The teacher gives out small slips of paper to the Ss to write their names on. T collects them in, and hands them out to others in the class making sure that noone gets their own slip back. With their sheet of paper, they should now draw a sketch of a gift for the person whose name they have and then write a short note briefly explaining why they think this person would like this gift. Next is for Ss to get up and go and deliver their gift to the person whose name they got and sit down to wait for their own. Once Ss have had chance to enjoy their gifts, they then write another note, a thank you note to the person who gave them their gift, deliver it, wait for their own to arrive.
5.2 New Year's Resolution
Another topic for this time of year deals with New Year’s Resolutions. I have a cartoon from Calvin and Hobbes on this topic and after looking at that, participants were asked to make resolution hats. This involves them writing down 5 promises to themselves for the New Year on separate strips of paper, then they stick the strips onto a hat they also have to make. Then they wear the hats, stroll around read colleagues’ promises. The hats make a wall display and then each week students are allowed to remove promises as they keep them, and throw them in the bin.
6 Survey work (mp3 recordings)
A firm believer that the best learning comes from the learners themselves, I try and make use of their language as input for learning for other learners and one way to do this is by recording them while carrying out surveys based on lives and behaviour of students in the class. If you have a simple mp3 player, it’s likely to have a microphone on it and you can easily record students in class, for use in the same class, or with other classes.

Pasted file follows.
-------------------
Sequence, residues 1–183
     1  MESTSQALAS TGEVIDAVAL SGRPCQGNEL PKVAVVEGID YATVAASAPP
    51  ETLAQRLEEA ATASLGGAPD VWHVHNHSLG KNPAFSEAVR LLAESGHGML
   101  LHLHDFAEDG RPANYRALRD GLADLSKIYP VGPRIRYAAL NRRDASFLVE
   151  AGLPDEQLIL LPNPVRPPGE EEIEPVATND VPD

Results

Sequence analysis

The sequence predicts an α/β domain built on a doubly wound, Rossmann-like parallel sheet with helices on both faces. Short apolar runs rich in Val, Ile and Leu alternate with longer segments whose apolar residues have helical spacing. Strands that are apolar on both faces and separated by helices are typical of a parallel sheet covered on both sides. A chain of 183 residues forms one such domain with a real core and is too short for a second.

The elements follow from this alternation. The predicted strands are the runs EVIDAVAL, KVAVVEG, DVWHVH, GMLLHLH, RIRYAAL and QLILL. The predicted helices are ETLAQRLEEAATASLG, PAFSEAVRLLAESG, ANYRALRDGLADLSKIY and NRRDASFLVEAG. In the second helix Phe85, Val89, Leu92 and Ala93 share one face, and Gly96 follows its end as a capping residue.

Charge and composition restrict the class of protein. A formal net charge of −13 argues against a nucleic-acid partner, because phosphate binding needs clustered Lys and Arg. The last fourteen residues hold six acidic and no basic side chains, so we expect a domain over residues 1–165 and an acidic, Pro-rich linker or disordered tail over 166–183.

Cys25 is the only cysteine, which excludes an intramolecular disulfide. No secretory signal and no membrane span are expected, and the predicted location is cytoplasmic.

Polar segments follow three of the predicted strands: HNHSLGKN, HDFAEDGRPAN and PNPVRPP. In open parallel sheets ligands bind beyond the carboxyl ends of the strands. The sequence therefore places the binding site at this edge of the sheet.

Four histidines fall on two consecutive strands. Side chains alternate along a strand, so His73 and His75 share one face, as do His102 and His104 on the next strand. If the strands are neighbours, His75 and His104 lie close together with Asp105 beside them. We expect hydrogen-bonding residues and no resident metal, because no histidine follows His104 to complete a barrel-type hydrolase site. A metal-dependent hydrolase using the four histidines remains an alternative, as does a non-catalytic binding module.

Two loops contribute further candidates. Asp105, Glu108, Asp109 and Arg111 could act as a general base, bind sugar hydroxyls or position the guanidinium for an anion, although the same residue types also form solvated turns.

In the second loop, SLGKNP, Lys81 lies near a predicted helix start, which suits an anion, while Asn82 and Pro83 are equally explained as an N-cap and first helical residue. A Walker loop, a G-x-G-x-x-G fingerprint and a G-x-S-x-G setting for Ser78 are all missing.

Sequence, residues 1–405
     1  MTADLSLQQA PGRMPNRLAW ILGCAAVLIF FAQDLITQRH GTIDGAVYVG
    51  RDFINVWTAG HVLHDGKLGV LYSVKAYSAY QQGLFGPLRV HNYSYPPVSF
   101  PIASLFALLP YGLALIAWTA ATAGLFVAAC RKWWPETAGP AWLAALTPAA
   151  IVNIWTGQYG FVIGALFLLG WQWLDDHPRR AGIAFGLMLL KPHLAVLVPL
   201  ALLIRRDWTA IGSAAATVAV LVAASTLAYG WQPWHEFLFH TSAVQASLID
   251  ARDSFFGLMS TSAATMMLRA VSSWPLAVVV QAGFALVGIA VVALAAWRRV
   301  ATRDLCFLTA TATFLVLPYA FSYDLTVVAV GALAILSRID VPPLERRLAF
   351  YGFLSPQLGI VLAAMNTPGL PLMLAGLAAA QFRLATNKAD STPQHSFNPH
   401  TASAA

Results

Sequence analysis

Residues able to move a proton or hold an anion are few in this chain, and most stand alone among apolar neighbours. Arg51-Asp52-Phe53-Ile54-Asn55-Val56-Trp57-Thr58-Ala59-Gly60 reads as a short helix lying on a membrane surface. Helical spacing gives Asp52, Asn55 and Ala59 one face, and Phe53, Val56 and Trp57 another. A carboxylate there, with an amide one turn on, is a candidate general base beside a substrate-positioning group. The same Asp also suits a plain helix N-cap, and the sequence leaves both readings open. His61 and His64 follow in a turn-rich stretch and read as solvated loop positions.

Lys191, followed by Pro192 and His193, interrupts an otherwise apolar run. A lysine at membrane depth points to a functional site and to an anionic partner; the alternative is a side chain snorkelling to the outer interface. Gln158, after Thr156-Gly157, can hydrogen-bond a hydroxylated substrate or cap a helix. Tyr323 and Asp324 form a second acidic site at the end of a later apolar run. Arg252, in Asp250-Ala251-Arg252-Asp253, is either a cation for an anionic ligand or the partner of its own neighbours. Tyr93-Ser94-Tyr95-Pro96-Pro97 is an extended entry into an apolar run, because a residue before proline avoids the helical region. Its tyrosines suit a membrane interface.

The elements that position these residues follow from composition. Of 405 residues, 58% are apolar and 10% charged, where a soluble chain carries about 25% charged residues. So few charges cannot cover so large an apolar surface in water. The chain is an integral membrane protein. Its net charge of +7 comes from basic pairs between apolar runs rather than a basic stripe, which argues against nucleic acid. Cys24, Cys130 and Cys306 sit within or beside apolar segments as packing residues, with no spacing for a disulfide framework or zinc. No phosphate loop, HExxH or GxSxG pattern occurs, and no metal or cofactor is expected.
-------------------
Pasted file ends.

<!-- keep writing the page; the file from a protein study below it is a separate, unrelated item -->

Extract from notes on survey work (full version is here below)
7 Moving about a bit
Chunks Charades – this comes from Tomalin and Stempelski and is just like the regular game but the difference is that you use full phrases and idioms instead of films, or famous people’s names.
8 Riddles and puzzles
I can’t remember where these came from, I think they were from Elaine Ratheram, a former colleague in Bulgaria and project manager.
Just a bit of fun and thought gymnastics, some funny, some terrible! All the riddles and answers are attached at a link below.
9 Reading the paper
It's good to have some chance to read extensively. I used to subscribe to the Guardian weekly and make use of the old copies with my students in a number of ways. Here, colleagues were asked to think about and discuss what they could do with a pile of British newspapers.
My year 10 class from English German School, Plovdiv reading the Guardian
10 Kinaesthetic intelligence
Teaching is all about juggling. Finally, I wanted to share this with colleagues because my own teaching career started by a student teaching me how to juggle, (20 years later…) and we had a discussion about how important it is to have opportunities for movement in the classroom, especially the intensive prep year classrooms in Bulgaria where students get 18 hours of English per week!
So, we juggled. They were excellent students!
The world record is impressive and you can see that and many other clips if you do a search for ‘juggling records’
at YouTube, also look for ‘blind juggling’.
Many thanks to Macmillan for providing 4 prizes to give away in our draw at the end of the workshop. Many thanks to these colleagues for making it a memorable afternoon. All the best for the holiday period and see you all next year!